Hybrid POS systems are most commonly seen in the restaurant industry that relies on multiple devices to facilitate the meal service from reservations and seating to ordering and checkout. They integrate with your kitchen ordering system and ensure that, even if there is no internet, customer orders make their way to the kitchen quickly.
Hybrid POS system pros and cons
- Reliability: Because they can run offline and data is stored locally, internet disruptions will not prevent you from being able to process transactions if there are disruptions to your internet connection.
- Seamless connectivity: Having everything connected to a local server means there are no disruptions or lag in information being sent from front to back-of-house or the kitchen. Moreover, because they aren’t solely reliant on WiFi, you can process payments offline or in dead zones like basement or outdoor seating.
- Scalability: These types of systems can grow with your business easily as your needs change.
- Setup: Because they involve both local and cloud-based elements, these systems are complex and require IT professionals to be heavily involved.
- Cost: The setup, ongoing support, hardware, system updates, and other steep costs associated with legacy POS systems are somewhat lower since hybrid systems can be found on a subscription basis. That said, companies using hybrid systems must still employ dedicated staff to maintain the local server and systems.
- Maintenance: The more complex the system, the more important it is to keep every touchpoint in top working order. Maintenance needs to be conducted by someone close at hand since a large portion of the system is not accessible via the cloud.
What is a POS terminal?
POS terminals are where your customers tap, swipe, or insert their card in order to complete a purchase. These machines have built-in software that reads payment information, whether it comes from the magstripe, EMV technology (chip cards), NFC technology (tap payments), or online payment. The device reads their card data and sends it to the issuing bank which will approve or deny the transaction based on available funds. These machines can be connected or wireless depending on the model and your needs.
Originally, POS terminals tied business owners to their physical store if they wanted to accept card payments. Now, Near Field Communication (NFC) technology means that you can accept card payments wherever you are selling to your customers, be that a farmer’s market, festival, in their home, or even tableside at a restaurant. You can accept payments using a smartphone, tablet, laptop, or desktop computer.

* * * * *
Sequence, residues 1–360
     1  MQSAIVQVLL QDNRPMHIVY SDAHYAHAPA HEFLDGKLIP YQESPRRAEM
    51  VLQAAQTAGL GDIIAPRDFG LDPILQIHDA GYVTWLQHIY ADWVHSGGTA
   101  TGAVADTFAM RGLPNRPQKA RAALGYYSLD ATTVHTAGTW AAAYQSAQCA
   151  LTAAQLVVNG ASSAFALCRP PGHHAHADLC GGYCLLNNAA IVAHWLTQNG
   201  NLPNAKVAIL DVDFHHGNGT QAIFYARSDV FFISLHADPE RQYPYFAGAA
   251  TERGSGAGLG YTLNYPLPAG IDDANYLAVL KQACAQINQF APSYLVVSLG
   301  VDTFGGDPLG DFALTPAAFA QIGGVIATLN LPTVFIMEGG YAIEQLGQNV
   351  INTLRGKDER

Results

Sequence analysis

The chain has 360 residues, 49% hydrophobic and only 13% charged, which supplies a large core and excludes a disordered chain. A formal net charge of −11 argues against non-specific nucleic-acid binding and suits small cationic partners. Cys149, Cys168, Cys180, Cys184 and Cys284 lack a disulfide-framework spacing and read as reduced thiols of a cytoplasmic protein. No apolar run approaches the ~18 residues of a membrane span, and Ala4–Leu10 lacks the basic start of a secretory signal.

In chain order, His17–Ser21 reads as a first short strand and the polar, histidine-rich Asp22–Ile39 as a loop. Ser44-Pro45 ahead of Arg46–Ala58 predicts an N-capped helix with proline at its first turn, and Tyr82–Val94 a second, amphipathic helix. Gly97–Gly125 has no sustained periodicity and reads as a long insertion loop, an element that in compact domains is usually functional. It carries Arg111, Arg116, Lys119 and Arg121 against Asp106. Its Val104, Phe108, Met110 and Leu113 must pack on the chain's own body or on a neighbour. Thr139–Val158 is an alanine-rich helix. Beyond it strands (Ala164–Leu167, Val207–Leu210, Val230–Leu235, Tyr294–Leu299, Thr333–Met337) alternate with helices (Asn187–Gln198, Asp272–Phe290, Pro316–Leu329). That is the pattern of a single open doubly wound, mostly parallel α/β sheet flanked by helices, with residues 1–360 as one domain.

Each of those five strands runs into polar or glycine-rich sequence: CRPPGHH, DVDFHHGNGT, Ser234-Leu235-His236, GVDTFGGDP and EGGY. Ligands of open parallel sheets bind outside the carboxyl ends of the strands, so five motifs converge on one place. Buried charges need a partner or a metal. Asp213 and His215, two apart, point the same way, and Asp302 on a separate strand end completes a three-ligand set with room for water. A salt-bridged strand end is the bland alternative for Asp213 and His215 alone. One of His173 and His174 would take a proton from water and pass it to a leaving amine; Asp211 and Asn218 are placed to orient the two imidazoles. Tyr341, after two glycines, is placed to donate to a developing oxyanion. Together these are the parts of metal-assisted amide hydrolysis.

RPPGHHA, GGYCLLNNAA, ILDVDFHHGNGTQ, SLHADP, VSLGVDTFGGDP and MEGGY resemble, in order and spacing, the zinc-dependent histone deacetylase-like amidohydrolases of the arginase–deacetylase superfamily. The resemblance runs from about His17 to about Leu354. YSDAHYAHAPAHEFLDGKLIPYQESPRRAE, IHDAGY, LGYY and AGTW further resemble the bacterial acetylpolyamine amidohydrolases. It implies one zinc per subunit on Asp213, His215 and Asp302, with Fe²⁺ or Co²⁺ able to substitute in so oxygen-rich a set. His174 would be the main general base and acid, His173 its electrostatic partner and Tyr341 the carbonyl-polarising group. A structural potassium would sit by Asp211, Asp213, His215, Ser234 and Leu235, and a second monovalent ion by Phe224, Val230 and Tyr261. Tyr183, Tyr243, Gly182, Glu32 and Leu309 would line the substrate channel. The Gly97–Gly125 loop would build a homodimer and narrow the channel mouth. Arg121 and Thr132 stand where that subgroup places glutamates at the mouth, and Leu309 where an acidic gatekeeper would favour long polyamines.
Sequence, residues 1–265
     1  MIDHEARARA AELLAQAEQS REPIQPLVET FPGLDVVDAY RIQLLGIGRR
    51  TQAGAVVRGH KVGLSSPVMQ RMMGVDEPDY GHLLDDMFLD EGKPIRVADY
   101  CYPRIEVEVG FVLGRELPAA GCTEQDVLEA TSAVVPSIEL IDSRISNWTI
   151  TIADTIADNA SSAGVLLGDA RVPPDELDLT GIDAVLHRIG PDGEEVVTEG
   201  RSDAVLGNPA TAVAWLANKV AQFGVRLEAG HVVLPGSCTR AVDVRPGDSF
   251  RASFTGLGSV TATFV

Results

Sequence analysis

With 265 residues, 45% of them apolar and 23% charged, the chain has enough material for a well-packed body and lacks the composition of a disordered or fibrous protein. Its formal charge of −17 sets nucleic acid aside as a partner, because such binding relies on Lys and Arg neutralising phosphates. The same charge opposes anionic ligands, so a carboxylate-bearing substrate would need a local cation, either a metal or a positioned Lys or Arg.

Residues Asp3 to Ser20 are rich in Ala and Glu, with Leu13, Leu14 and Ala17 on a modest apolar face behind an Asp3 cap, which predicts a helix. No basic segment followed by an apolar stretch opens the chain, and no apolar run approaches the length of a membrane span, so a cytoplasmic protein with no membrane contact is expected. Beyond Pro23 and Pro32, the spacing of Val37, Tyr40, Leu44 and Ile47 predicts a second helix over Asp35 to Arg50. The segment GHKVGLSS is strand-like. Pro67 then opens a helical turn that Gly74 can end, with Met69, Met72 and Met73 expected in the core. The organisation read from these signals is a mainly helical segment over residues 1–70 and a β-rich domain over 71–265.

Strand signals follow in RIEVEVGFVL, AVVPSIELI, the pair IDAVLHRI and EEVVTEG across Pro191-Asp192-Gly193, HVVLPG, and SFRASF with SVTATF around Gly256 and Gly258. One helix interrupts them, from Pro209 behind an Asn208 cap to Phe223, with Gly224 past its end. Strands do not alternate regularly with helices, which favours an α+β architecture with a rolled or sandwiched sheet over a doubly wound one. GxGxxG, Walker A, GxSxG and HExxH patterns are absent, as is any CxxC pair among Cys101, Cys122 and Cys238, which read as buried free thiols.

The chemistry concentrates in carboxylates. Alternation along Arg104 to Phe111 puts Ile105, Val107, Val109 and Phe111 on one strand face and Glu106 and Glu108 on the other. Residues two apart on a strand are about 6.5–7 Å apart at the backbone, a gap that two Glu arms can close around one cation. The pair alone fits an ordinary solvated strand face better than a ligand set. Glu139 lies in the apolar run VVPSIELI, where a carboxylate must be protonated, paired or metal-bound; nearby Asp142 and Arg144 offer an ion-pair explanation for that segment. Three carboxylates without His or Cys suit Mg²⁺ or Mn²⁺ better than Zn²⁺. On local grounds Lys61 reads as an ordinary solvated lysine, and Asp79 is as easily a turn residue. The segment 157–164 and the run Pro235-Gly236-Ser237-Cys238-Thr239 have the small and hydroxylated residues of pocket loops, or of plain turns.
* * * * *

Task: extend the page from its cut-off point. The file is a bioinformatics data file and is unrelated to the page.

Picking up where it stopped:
In addition to processing payments, modern POS terminals can also:
- Go paperless: Let customers choose either a paper or digital receipt– or no receipt at all.
- Tip options: Present pre-calculated tip options to help diners leave an appropriate amount for their server.
- Discounts: Calculate discounts and tax, and process refunds.
- Automate invoicing: Create invoices and set up recurring payments.
On its own, your POS terminal can perform a number of tasks that improve customer experience and ensure that taxes, discounts, and tips are calculated accurately. When the terminal is connected to a wider POS system, it is one element of a holistic business management solution that makes business management simpler and faster.
- Inventory management: When a sale or refund is performed, the system automatically updates your available inventory accordingly.
- Customer management: Offer promotions and recommendations based on purchase history, and optimize your business based on buying behaviors you can track in the POS system.
- Customization: Easily customize sales, employee, and inventory reports.
- Software integrations: Your POS system can integrate with other apps and tools you use day-to-day in running your business.
What POS hardware do I need?
The POS hardware you need depends on a number of factors like your industry, the size of your business, and how and where you accept payments. The hardware you’ll need to connect to your POS system will vary depending on your needs, but generally may include the following:
- POS terminal: This is the computer, laptop, tablet, or smartphone that your POS will run on. It will include a touchscreen and be placed in an easily accessible place where it can be used by your employees and customers.